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From making a variety of cuisines during the lockdown to taking a trip down the memory lane, Pichai has been using YouTube extensively. Over the last few weeks, he said that has been referring various YouTube videos to prepare dishes like paneer makhani or pizza with his children.
The tech boss, who turned 48 yesterday, also shared a cherished childhood memory. "Every evening, we were drawn to the TV by Doordarshan's special rendition of 'Saare Jahaan Se Accha'," he reminisced. He was trying to explain to his colleagues why this memory was special to him, but couldn't. In the end , he gave up and played it on the video-streaming app.
He further stressed that developing technology has been a personal cause for him as it has always provided a window to the world outside his own when he was young.
Citing challenges faced by many people during the pandemic, the Alphabet CEO said that the ability to be online has been a lifeline to parents and students learning to stay updated, and small businesses looking to stay afloat.
He admired how technology in India has changed at a rapid pace over his past few visits. "When I was young, every tech brought new opportunity to learn and grow. But, I always had to wait for it to arrive from some place else. Today, people in India don't have to wait for it to arrive anymore," he mentioned.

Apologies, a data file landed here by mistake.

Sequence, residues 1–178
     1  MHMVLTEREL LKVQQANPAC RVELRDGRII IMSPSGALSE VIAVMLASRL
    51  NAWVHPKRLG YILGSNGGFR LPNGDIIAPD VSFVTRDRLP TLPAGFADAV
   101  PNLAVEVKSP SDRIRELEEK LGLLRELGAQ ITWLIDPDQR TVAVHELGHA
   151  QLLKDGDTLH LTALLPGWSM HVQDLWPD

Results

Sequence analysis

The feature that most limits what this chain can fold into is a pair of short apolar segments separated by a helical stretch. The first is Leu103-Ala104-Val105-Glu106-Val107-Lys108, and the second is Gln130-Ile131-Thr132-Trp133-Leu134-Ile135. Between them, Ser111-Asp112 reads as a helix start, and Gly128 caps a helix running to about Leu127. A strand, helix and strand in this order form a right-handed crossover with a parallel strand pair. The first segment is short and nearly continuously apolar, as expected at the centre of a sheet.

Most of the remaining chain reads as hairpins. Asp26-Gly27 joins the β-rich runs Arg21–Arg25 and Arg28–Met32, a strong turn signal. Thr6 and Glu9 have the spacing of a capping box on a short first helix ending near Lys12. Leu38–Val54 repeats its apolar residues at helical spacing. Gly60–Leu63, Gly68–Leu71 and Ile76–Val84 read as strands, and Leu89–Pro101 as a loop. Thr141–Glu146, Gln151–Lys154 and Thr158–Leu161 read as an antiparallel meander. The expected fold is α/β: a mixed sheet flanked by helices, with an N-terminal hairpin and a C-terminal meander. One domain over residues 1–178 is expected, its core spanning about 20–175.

India's tech leap of faith
The coronavirus pandemic has supercharged the option of digital tools. Digital payments enabled various families across India to access good and services during the lockdown.
While Pichai's grandmother misses haggling over the price of her veggies in person, the 48-year-old tech head said that India is setting the global standard on how to digitise and is also helping Google build a global product.
The search engine giant joined India's digitisation journey in 2004, when its first office opened in Hyderabad and Bangalore. On Monday, Pichai announced an investment of Rs 75,000 crore (approximately $10 billion) in India over the next five-seven years through 'Google for India Digitization Fund'. He asserted that the latest move is a reflection of the company's confidence in future of India and its digital economy.
He said that the investments will focus on four key areas of India's digitisation.
1. Affordable access and information to every Indian in their own language
2. Building new products and services relevant to India's unique needs
3. Empowering businesses as they continue to embark on their digital transformation
4. Leveraging technology and Artificial Intelligence for social good in areas like health, education and agriculture
Richest Indian CEOs: These Bosses Beat Google Head Pichai, Nadella; 2 Woman Among Top 10
Famous last names are a constant feature on rich lists. But in this age of the superstar CEO, even non-promoter names can be spotted on the list of the wealthiest. The IIFL Wealth Hurun India Rich List 2019 has compiled the names of the ‘richest non-promoter Indians.’
In this top 10 list, only one name totes resident Indian tag. The other nine are CEOs of Indian-origin, heading companies in the US.
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